Human challenge study gives insights into COVID-19

Findings from the UK’s world-leading human challenge study provide new insights into mild infections with SARS-CoV-2 in 36 healthy, young volunteers with no immunity to the virus. Those fitting the study demographic are believed to be major drivers of the pandemic and such studies, thought to be representative of ‘mild’ infection, allow detailed investigation of the factors responsible for infection and pandemic spread.

The Human Challenge Programme was a partnership between Imperial College London, the Vaccine Taskforce and Department of Health and Social Care (DHSC), and the Royal Free London NHS Foundation Trust, and Niche Science & Technology Ltd. was involved in managing the project. The landmark study, which took place at a specialist unit at the Royal Free Hospital in London, shows that experimental infection of volunteers is reproducible and resulted in no severe symptoms in healthy young adult participants, laying the groundwork for future studies to test new vaccines and medicines against COVID-19.

The collaborative study was the first to provide detailed observations over the full course of COVID-19 infection, from the moment of first exposure to SARS-CoV-2, throughout the infection to the point when the virus is beaten by our immune system. SARS-CoV-2 were given a low dose of the virus – introduced via drops up the nose – and then carefully monitored by clinical staff in a controlled environment over a two-week period.

Among the clinical insights derived from the observations, researchers noted that symptoms emerge quickly, about 2 days after virus contact (markedly sooner than existing estimates, of 5-6 days). Following this period there was a steep rise in the amount of virus (viral load) found in swabs taken from participants’ nose or throat. Infectious virus peaked about 5 days into infection, when the virus is most abundant in the nose than the throat. The study highlighted how lateral flow tests (LFTs) are a good indicator of the presence of infectious virus, effectively whether an individual is likely to transmit the virus.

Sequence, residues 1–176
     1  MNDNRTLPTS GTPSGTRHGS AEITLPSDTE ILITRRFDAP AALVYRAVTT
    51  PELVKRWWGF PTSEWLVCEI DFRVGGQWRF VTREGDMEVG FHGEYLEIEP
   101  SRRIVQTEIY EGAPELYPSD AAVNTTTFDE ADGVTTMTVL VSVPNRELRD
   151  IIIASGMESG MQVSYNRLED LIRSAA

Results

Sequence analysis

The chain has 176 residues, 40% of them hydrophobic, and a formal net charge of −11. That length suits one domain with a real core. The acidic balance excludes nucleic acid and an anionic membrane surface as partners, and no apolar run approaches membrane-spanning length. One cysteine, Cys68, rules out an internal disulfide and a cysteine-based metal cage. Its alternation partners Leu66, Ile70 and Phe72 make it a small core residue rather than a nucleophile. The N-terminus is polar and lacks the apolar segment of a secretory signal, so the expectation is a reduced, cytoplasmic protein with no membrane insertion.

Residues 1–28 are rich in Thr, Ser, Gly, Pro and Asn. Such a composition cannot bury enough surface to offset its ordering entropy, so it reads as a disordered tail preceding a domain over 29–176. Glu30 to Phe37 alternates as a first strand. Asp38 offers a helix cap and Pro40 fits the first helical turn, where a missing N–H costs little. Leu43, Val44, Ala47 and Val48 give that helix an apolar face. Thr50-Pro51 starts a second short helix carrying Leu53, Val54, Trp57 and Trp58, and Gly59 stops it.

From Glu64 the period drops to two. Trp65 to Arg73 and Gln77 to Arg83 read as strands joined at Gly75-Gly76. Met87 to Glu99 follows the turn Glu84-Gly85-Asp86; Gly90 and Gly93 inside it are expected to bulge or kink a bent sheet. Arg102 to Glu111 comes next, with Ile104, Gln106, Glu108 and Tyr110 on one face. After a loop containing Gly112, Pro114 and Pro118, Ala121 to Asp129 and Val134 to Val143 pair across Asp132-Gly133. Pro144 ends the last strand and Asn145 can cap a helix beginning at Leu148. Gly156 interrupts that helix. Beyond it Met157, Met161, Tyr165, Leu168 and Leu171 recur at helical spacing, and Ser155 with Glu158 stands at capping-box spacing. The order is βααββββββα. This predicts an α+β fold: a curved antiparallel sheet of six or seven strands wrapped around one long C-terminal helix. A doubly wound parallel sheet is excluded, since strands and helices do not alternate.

The study has yet to undergo peer-review, only having been published as a pre-print. However, one of the most important findings was that there were no severe symptoms or clinical concerns in with the challenge infection model investigating SARS-CoV-2. This is important as many had been concerned about the ethics of exposing healthy subjects to a virus with unknown health risks [see comments].

Eighteen of the volunteers became infected, 16 of whom went on to develop mild-to-moderate cold-like symptoms, including a stuffy or runny nose, sneezing, and a sore throat. Some experienced headaches, muscle/joint aches, tiredness and fever, 13 infected volunteers reported losing their sense of smell, but this returned to normal within 90 days in all but three participants

The data reveals some interesting clinical insights, particularly around the short incubation period of the virus, extremely high viral shedding from the nose, and the utility of lateral flow tests, with potential implications for public health. High levels of viable (infectious) virus were still detectable up to 9 days after inoculation, extending out to 12 days for some, supporting the isolation periods advocated in most guidelines.

The authors highlight that while the model is a safe and effective approximation of real-world infection in young adults, the small sample size, reduced diversity of infected volunteers and limited follow up period may restrict the findings. The study used virus from very early in the pandemic, an older strain obtained from a hospitalized patient in the ISARIC4C study, prior to the emergence of the Alpha variant. Participants were exposed to the lowest possible dose of virus found to cause infection, roughly equivalent to the amount found in a single droplet of nasal fluid when participants were at their most infectious.

The study provides supportive evidence that LFTs can reliably predict when someone is unlikely to infect others and can come out of isolation, and that twice-weekly rapid tests would allow diagnosis before 70-80% of viable virus was generated during the course of infection. However, LFT tests were less effective in picking up lower levels of virus at the very start and end of infection. According to the researchers, the data also underline the importance of wearing a face covering over the mouth and nose, in crowded, enclosed spaces.